According to new research published in the journal PLOS Biology, reducing the methylation of a key messenger RNA can promote migration of macrophages into the brain and alleviate symptoms of Alzheimer’s disease (AD).
The findings shed light on a potential entry point for immune cells from the periphery into the brain, which could be a new therapeutic target for Alzheimer’s disease.
“In this study, we found that METTL3 deficiency increased the infiltration of monocyte-derived macrophages in an Aβ-induced AD mouse model,” researchers explained in their report.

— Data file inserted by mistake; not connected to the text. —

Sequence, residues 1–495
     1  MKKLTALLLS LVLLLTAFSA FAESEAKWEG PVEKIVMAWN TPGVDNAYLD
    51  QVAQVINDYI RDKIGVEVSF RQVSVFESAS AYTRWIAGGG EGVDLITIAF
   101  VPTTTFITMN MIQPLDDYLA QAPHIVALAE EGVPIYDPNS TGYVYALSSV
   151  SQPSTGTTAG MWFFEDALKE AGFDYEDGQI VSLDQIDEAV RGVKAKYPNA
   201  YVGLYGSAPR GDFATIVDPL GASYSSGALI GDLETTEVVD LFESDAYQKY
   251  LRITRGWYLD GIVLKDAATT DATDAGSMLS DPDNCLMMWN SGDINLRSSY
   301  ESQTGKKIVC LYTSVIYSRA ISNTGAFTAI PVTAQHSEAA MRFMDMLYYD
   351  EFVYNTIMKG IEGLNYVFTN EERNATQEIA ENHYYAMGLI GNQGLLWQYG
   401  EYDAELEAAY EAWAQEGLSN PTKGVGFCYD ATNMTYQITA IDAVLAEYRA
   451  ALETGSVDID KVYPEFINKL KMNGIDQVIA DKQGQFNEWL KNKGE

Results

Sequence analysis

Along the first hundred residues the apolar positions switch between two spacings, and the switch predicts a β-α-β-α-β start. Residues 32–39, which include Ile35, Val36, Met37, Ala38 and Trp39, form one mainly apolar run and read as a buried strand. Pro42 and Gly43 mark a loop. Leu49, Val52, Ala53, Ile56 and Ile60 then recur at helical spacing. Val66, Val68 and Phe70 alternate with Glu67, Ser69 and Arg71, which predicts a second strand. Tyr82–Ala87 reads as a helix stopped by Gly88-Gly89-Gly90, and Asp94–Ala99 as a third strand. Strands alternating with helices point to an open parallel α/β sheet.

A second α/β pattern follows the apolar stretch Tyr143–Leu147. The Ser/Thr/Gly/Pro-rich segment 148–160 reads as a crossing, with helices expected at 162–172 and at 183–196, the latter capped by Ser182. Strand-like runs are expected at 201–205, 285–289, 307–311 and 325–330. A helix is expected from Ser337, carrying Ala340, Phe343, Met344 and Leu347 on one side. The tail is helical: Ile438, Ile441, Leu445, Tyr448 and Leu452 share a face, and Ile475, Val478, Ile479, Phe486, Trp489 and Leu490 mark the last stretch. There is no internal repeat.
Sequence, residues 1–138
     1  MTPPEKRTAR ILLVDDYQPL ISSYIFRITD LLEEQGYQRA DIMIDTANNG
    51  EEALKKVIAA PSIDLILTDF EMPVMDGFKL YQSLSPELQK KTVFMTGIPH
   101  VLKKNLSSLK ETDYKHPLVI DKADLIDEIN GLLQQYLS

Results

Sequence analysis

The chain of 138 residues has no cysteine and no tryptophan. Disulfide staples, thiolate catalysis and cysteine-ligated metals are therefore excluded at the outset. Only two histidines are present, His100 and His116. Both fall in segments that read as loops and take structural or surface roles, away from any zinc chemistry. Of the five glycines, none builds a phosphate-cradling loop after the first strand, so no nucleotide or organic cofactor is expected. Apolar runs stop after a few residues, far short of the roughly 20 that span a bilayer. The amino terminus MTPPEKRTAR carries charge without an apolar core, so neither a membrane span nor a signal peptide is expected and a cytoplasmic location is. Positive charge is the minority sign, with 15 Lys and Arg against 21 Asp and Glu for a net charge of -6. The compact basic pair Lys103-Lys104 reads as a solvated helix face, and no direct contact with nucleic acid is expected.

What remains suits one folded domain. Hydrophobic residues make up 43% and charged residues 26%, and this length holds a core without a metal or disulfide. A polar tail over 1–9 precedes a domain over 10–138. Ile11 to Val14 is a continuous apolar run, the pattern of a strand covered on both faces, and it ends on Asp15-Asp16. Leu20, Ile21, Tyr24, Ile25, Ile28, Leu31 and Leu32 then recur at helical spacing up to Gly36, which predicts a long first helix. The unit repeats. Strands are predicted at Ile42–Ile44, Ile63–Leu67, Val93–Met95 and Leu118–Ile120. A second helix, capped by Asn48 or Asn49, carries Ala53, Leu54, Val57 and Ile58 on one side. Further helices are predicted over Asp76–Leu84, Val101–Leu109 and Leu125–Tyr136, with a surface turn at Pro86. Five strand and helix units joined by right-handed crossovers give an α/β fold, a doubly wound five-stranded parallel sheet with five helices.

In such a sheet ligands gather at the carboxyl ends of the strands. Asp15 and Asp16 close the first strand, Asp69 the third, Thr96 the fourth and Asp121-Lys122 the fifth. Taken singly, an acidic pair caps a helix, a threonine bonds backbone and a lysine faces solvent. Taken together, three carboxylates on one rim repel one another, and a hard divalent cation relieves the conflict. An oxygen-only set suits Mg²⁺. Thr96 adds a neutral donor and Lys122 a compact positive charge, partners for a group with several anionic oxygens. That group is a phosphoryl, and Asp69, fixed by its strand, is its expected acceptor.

“Further analysis demonstrated that METTL3 ablation in monocyte-derived macrophages attenuated the m6A modification in Dnmt3a mRNAs and subsequently impaired the translation of DNMT3A and ATAT1 expression and acetylation of tubulin, which enhanced the migration of monocyte-derived macrophages, accelerated the clearance of Aβ and alleviated AD symptoms.”
The study was released on March 7, 2023.